Neurosurgeons are renowned for their big egos and aggressive self-confidence, and Dr. Firlik confirms that timidity is indeed rare in the field. “They’re the kids who never lost at musical chairs,” she writes. A brain surgeon is not only a highly trained scientist and clinician but also a mechanic who of necessity develops an intimate, hands-on familiarity with the gray matter inside our skulls. It’s the balance between cutting-edge medical technology and manual dexterity, between instinct and expertise, that Firlik finds so appealing–and so difficult to master.

    Firlik recounts how her background as a surgeon’s daughter with a strong stomach and a keen interest in the brain led her to this rarefied specialty, and she describes her challenging, atypical trek from medical student to fully qualified surgeon. Among Firlik’s more memorable cases: a young roofer who walked into the hospital with a three-inch-long barbed nail driven into his forehead, the result of an accident with his partner’s nail gun, and a sweet little seven-year-old boy whose untreated earache had become a raging, potentially fatal infection of the brain lining.

    From OR theatrics to thorny ethical questions, from the surprisingly primitive tools in a neurosurgeon’s kit to glimpses of future techniques like the “brain lift,” Firlik cracks open medicine’s most prestigious and secretive specialty. Candid, smart, clear-eyed, and unfailingly engaging, Another Day in the Frontal Lobe is a mesmerizing behind-the-scenes glimpse into a world of incredible competition and incalculable rewards.

    From the Hardcover edition.

  • Michael Krakovskiy 1:34 pm on July 26, 2008 Permalink | Reply
    Tags: , boat forward, , ISDN, mechanic, , The Pilot   


    I have two recurring daydreams that run through my mind in the morning, as I’m making my way from the subway platform to my cubicle. I’ve had them for years and years.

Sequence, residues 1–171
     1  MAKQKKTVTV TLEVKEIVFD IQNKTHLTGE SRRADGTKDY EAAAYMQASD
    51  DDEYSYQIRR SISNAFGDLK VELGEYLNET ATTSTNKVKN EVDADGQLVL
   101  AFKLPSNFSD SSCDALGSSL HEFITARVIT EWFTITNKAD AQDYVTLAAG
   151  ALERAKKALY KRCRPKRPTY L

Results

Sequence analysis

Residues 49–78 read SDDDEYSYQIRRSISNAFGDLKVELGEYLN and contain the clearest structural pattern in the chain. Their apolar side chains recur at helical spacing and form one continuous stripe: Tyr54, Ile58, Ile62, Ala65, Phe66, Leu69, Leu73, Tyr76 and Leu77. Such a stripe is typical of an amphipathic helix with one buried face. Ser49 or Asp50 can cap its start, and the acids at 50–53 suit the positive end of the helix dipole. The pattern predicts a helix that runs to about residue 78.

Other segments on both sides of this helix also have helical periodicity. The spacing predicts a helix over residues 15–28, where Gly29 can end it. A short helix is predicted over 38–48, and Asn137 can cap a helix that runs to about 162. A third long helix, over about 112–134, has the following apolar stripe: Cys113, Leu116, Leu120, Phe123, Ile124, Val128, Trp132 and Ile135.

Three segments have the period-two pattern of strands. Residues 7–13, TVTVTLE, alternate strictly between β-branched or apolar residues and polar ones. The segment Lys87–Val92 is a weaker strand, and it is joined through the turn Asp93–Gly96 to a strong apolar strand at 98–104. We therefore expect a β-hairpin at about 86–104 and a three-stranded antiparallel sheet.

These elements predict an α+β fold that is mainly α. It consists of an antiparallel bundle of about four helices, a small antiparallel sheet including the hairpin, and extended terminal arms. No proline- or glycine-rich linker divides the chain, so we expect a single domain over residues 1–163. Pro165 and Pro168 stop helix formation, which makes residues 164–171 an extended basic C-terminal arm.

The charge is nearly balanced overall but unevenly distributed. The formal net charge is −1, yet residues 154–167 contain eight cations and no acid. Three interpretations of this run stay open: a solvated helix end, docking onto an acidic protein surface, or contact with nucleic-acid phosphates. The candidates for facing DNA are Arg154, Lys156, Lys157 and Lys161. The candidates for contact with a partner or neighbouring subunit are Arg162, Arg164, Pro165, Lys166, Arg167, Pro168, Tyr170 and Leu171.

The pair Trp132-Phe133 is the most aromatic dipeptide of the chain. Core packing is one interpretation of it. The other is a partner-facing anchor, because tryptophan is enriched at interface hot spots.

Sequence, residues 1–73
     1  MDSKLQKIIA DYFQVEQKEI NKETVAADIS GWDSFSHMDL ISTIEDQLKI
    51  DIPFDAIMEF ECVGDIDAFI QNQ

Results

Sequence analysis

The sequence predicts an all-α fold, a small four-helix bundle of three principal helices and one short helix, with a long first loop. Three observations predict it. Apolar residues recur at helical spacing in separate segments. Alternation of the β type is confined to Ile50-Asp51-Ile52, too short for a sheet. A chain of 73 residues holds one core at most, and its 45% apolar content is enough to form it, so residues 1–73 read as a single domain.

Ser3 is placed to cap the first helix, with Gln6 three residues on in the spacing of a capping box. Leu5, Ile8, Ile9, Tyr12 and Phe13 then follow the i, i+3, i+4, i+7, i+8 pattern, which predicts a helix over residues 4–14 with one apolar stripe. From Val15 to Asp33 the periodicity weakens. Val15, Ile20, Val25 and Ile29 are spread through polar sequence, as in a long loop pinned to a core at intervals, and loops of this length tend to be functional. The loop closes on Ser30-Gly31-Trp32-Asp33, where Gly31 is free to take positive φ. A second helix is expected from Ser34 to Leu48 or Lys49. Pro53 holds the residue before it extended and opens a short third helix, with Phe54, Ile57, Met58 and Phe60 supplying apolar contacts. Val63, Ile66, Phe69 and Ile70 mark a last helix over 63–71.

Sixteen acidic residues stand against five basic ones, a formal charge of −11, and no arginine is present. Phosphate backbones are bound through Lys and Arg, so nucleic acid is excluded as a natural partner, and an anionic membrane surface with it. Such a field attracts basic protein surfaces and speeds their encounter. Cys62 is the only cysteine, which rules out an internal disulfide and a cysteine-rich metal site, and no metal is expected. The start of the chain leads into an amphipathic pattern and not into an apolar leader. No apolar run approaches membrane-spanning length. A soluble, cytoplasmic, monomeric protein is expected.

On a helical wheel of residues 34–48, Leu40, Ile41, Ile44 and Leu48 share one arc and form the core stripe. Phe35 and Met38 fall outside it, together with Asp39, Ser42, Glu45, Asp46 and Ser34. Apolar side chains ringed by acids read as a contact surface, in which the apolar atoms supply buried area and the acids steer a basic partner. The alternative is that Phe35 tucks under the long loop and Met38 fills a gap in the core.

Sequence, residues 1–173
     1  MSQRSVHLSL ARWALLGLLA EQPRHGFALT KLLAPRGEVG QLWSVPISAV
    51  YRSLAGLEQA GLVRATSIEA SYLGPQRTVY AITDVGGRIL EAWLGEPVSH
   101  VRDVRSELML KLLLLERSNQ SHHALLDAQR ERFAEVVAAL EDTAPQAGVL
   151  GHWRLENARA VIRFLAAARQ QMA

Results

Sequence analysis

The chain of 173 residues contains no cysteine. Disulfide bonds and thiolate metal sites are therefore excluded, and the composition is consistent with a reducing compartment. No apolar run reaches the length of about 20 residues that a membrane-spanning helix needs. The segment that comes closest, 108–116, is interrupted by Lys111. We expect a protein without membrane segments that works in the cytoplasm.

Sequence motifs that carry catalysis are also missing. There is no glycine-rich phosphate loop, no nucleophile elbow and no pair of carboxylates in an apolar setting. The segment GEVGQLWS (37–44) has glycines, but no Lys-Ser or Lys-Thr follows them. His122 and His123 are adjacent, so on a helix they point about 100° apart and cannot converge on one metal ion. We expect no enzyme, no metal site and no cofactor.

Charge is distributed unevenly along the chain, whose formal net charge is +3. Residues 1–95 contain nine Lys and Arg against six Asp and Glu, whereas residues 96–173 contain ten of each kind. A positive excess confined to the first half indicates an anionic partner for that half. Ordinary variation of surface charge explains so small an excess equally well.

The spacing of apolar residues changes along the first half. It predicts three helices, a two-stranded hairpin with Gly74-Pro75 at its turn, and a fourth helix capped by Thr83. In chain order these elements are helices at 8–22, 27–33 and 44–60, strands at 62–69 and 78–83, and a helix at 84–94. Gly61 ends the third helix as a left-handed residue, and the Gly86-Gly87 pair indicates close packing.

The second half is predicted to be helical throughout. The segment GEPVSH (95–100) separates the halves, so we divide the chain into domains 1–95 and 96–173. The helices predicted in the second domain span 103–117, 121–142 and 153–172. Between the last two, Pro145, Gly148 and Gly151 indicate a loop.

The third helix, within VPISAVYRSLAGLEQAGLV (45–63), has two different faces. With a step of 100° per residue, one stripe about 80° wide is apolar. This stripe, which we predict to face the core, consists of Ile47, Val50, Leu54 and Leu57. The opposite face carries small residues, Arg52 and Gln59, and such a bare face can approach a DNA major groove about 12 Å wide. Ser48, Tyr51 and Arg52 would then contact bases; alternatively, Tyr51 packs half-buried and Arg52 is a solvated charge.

In the first one I’m standing inside the office tower where I work and look outside. The longboat from the spaceship I’m a captain of is hovering outside. Most of my crew is in it, the mechanic is holding my space suit, cargo master – my two guns. The air is swirling from the heat of the longboat’s thrust rockets pointed down. The pilot edges the boat forward and the window shatters. They motion for me to jump, hundreds of meters above Manhattan. We got to get back into orbit and rendezvous with my ship.

    The second daydream is not so science-fictiony. In it I own a small apartment in a tall residential tower: there was always on near every location where I worked. When I worked at 888 Broadway, a tower like that was being built, and the ad at its base promised dedicated ISDN connections for every tenant. Anyway, my apartment is unlike any that I ever lived in: it’s very high up, it has floor to ceiling glass windows, all the furniture is super modern (Design Within Reach kind). And now, I don’t really have to show up at work right away – I can go to my apartment in the sky and take a nap first.

    What about you? Any daydreams you can share?